Increase Seen in Common Form of Malaria

27 January, 2014

From VOA Learning English, this is Science in the News. I'm Mario Ritter.

And I'm Christopher Cruise. Today we tell about a warning from tropical disease experts. They are seeing an increase in infections from one kind of malaria parasite. We also tell about plans for human testing of a gene therapy for heart disease. Then we report on efforts in Liberia to control sales of medicines. And we tell how Australian scientists are working to help save koalas from disease.

Between 300 million and 500 million cases of malaria are reported worldwide each year. Plasmodium falciparum, a deadly parasite, is responsible for most of the cases. But experts say a lesser known form of the disease could become a more serious threat. They are seeing an increase in infections from the vivax malaria parasite.

An estimated 2.5 billion people live in areas where Plasmodium vivax is common. It is one of five kinds of malaria carried by mosquitoes. The vivax parasite infected 20 million people in 2010. Its signs are less severe than the more common falciparum malaria, which kills about 660,000 people each year.

Peter Zimmerman is a malaria expert with Case-Western Reserve University in Ohio. He says people who become infected with vivax usually feel like they are suffering from a really bad case of influenza.

"It's highly associated with pretty severe anemia and all the sort, you know, of ‘I don't feel good' symptoms that, that go along with it: headache, nausea, being tired, you know, having no energy."

Yet, he says, malaria can be deadly in someone who is half-starved or suffering from more than one infection. The organism can also hide in the liver and return many times, causing the disease to reappear.

Until now, experts believed 95 percent of the at-risk population in some areas was protected from vivax infection. This is because they lack a certain kind of protein in their red blood cells called a "Duffy" protein. Without it, vivax parasites cannot enter the blood cells.

But Peter Zimmerman and other researchers have found that in Madagascar, people without the Duffy protein may be carrying the vivax parasite.

"What we are seeing in Madagascar is, in communities where you have high percentages of Duffy-positive people and high percentages of Duffy-negative people, it looks like the Duffy-negatives become equally susceptible to Vivax."

He says it appears the parasite may be changing so it can overcome natural resistance and infect blood cells that lack the Duffy protein. If so, that could mean that vivax is becoming a bigger threat. But he notes research shows that Duffy negative people are still at a lower risk for vivax malaria. Peter Zimmerman presented his results at a meeting of the American Society of Tropical Medicine and Hygiene in Washington.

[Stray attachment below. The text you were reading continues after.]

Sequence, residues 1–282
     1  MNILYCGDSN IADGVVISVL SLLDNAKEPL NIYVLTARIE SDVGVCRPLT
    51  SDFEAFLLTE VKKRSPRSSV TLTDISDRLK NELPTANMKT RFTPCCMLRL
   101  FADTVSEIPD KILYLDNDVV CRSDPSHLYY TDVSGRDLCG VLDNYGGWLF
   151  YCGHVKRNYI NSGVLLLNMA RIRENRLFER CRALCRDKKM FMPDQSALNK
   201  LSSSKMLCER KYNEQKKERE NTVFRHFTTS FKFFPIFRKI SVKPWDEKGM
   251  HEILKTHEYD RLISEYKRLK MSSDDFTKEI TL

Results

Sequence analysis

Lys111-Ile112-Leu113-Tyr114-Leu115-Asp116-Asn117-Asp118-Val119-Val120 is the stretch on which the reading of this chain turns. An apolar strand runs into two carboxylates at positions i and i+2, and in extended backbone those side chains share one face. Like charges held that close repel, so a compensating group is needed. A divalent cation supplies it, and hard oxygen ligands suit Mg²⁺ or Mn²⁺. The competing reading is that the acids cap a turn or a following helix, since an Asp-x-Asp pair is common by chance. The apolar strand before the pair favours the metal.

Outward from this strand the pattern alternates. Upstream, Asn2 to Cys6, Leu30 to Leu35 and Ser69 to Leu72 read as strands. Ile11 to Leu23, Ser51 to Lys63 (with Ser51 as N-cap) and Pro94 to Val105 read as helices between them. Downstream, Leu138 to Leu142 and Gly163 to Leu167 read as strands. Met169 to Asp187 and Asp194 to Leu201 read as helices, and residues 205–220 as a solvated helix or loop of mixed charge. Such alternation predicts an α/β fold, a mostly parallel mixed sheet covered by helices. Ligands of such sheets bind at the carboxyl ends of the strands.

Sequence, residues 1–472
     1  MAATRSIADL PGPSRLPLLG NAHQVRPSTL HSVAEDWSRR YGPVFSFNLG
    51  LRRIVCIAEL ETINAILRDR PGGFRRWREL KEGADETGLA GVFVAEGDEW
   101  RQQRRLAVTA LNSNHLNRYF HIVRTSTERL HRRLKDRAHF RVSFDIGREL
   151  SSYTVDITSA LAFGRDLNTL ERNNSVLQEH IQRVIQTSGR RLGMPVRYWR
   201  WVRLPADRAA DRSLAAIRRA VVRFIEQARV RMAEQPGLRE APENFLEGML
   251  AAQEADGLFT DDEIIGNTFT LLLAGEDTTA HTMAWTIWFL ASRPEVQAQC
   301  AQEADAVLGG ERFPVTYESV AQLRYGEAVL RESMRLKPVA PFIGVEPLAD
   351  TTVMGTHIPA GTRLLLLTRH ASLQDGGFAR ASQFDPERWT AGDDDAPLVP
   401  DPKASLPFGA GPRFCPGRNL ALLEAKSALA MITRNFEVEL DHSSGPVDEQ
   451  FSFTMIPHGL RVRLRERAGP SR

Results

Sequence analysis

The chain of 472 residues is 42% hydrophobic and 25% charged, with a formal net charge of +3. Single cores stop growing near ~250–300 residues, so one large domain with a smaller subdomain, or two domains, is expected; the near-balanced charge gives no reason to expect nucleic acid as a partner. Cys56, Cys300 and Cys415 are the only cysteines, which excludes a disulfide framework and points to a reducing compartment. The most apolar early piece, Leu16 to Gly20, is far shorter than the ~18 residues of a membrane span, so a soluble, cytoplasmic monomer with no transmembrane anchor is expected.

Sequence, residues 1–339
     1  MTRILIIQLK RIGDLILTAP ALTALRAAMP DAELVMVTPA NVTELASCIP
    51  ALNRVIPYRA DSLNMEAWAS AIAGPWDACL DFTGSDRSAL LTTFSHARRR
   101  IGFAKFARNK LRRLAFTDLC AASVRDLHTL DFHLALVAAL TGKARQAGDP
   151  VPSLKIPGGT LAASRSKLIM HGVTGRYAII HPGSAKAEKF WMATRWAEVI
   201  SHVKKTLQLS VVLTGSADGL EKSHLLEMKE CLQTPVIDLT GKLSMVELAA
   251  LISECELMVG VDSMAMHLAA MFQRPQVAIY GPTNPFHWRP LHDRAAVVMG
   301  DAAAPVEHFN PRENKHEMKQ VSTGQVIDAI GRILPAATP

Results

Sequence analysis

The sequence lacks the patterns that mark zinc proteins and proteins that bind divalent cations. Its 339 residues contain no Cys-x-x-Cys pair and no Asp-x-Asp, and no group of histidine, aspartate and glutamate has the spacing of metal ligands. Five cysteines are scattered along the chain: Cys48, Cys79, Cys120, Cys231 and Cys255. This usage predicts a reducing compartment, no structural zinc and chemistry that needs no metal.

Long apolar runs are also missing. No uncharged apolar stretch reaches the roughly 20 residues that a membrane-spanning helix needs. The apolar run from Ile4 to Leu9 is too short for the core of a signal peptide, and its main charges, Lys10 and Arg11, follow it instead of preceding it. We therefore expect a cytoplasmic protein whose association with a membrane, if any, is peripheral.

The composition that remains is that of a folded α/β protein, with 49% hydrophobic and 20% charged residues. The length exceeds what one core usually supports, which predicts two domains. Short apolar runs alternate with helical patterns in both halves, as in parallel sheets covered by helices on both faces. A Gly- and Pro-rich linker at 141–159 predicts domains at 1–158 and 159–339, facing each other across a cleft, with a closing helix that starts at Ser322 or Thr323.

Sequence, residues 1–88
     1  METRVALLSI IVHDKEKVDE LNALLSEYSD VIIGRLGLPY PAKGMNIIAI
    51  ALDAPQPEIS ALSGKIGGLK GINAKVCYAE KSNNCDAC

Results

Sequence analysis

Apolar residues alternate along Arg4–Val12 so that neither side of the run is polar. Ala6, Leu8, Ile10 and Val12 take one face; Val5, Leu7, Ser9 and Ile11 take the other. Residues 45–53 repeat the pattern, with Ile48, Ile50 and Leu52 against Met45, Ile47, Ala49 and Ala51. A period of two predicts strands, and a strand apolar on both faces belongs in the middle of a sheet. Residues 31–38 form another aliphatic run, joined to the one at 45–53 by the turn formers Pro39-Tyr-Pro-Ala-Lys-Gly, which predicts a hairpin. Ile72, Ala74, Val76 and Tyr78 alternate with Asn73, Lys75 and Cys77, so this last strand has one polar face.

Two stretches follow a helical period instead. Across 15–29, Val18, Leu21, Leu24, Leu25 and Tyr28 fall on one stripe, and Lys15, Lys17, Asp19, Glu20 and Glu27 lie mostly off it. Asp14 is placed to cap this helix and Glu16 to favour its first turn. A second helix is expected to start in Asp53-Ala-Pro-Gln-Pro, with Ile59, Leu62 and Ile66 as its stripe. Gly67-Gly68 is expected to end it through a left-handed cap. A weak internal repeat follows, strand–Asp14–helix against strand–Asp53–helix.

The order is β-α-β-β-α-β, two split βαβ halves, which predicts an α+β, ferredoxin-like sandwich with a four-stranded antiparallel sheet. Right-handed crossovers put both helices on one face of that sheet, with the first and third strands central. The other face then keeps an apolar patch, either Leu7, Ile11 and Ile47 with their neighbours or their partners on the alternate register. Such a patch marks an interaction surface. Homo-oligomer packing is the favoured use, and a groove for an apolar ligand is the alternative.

Two reports on changes in the infectiousness of Plasmodium vivax were published in the journal PLoS Neglected Tropical Diseases

New Discovery May Help Fight Heart Disease

Increase Seen in Common Form of Malaria
Heart attacks kill many people around the world each year.
Researchers are ready to begin human testing of a new gene therapy to treat a major cause of heart disease. The therapy shrinks enlarged hearts. It helps to improve blood flow and the way the heart operates.

Heart failure is a leading cause of sickness and death around the world. The heart becomes weaker and gets bigger as it works harder to pump enough blood to the rest of the body. A heart attack, untreated high blood pressure or blocked arteries can lead to heart failure. Once the condition develops, the victim usually dies within five years.

People who suffer heart failure lack a fully operational gene called SUMO-1. It helps control calcium that goes in and out of cells in the ventricles, which pump blood to the body.

Roger Hajjar is a cardiologist with Mount Sinai School of Medicine in New York. He led experiments on pigs with heart failure. He found that just a single injection of the gene SUMO-1 improved the operation of the animals' hearts.

"Regardless of the cause that induced the heart to, to be big, we were able to reverse that."

His research team discovered another gene, called SERCA2. This gene also controls the movement of calcium in heart cells. Their human tests of replacement gene therapy with SERCA2 are showing similar results to the SUMO-1 experiments in animals.

Doctor Hajjar believes that injecting both genes at the same time into cardiac failure patients might help even more.

"Since we've had the experience with SERCA2, we know pretty much the path towards clinical trials from, from discovery to, to the bedside. And, we feel that within a couple of years, we should be able to take this, this program forward, for, in terms of gene therapy in patients."